For this reason our discussion is cast in terms of the “exploitation” of tax loopholes by “rich” taxpayers – the object of so much indignation on the part of many tax reform specialists – although it is in fact somewhat more general. Both the horizontal and vertical equity cases for closing tax loopholes are overstated to the extent that there is any behavioral adjustment to tax loopholes at all. On that basis the relative importance of efficiency arguments correspondingly grows, and the possibility of genuinely consensual tax reform increases, together with its political practicability and ethical desirability.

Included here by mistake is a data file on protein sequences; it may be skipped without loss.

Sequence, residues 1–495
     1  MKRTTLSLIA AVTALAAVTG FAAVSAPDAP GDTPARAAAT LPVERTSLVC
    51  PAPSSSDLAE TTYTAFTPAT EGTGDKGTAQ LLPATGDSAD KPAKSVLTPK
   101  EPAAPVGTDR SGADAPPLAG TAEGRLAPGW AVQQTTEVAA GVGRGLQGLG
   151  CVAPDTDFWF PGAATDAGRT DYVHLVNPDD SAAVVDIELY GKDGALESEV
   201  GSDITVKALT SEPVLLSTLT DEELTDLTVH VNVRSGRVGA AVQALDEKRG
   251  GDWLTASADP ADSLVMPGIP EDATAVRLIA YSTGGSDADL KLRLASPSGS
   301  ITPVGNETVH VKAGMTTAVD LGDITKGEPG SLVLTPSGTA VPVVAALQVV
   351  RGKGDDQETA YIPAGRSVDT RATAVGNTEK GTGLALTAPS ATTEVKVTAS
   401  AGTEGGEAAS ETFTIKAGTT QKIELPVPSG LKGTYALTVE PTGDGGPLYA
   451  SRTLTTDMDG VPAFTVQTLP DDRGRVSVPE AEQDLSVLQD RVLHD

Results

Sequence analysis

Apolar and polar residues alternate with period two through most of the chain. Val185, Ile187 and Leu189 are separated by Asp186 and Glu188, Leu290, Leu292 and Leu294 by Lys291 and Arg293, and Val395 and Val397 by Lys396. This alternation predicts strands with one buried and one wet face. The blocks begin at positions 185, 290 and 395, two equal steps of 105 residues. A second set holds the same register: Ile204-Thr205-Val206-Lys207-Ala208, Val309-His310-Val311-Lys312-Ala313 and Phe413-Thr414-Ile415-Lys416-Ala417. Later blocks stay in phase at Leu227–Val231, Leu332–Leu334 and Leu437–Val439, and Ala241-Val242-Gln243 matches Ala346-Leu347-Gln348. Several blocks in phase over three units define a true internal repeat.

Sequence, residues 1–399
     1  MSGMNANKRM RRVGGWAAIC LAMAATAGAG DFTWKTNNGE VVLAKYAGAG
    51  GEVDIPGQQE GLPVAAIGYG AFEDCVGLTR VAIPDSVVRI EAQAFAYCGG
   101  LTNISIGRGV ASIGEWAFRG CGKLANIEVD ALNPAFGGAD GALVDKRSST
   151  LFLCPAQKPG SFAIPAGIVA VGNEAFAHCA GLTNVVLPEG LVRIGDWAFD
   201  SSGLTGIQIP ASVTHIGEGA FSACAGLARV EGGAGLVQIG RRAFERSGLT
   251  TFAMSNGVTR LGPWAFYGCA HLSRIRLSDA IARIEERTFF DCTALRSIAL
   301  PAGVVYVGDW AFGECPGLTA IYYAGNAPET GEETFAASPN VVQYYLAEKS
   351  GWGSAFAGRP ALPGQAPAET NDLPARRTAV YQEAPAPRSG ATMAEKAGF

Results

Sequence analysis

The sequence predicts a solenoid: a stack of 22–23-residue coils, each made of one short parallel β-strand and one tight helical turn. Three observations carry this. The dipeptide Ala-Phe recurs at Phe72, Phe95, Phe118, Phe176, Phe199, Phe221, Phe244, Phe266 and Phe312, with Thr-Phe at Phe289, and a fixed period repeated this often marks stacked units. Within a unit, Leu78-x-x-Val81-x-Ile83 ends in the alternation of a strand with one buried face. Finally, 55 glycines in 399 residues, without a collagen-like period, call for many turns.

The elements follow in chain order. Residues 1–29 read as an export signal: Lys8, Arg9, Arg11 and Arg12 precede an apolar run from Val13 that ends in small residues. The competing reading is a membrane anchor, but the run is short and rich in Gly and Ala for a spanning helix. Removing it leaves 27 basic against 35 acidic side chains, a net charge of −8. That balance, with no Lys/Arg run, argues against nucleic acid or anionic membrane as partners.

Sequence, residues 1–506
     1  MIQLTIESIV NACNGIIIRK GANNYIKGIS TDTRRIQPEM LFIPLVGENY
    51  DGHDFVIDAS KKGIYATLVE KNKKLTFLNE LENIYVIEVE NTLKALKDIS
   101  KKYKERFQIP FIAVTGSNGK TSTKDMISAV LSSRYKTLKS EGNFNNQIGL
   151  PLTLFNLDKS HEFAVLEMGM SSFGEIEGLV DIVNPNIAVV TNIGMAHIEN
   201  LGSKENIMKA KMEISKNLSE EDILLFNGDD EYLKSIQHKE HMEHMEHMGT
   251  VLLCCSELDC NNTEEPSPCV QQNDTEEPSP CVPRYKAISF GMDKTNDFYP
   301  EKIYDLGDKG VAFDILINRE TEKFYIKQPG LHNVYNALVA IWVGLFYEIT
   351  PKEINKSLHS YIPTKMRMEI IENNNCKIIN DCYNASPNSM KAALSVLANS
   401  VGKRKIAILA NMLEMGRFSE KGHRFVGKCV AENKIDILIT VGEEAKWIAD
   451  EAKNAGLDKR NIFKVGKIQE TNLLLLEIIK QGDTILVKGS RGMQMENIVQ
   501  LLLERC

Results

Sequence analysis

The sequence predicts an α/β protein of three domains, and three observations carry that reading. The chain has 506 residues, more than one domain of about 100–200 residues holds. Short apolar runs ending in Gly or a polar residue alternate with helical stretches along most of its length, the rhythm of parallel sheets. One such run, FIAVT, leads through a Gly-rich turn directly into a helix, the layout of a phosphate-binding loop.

In short, by 1980 tax loopholes in the U.S. had become so numerous that they, along with the high marginal rates of taxation, induced all manner of socially wasteful – i.e., inefficient – tax-avoidance activities, especially by the rich. Because (as Buchanan and Brennan argued) the bulk of the cost of exploiting loopholes falls on those who exploit them, the tax system was then inflicting costs on the rich that were higher than could be seen by looking only at the dollar amounts of taxes paid by the rich. This reality, therefore, opened a door to tax reform that was both politically feasible and ethically sound. Specifically, the rich would agree to fewer tax loopholes in exchange for lower tax rates. After such reform, the total cost to the rich of the tax system might not be much lower – although it would not be higher – than was the cost to them before reform. But with reform the amount of taxes actually paid to the government by the rich would be greater and the efficiency of the economy improved. Thus the original full title of this paper: “Tax Reform without Tears: Why Must the Rich be Made to Suffer?”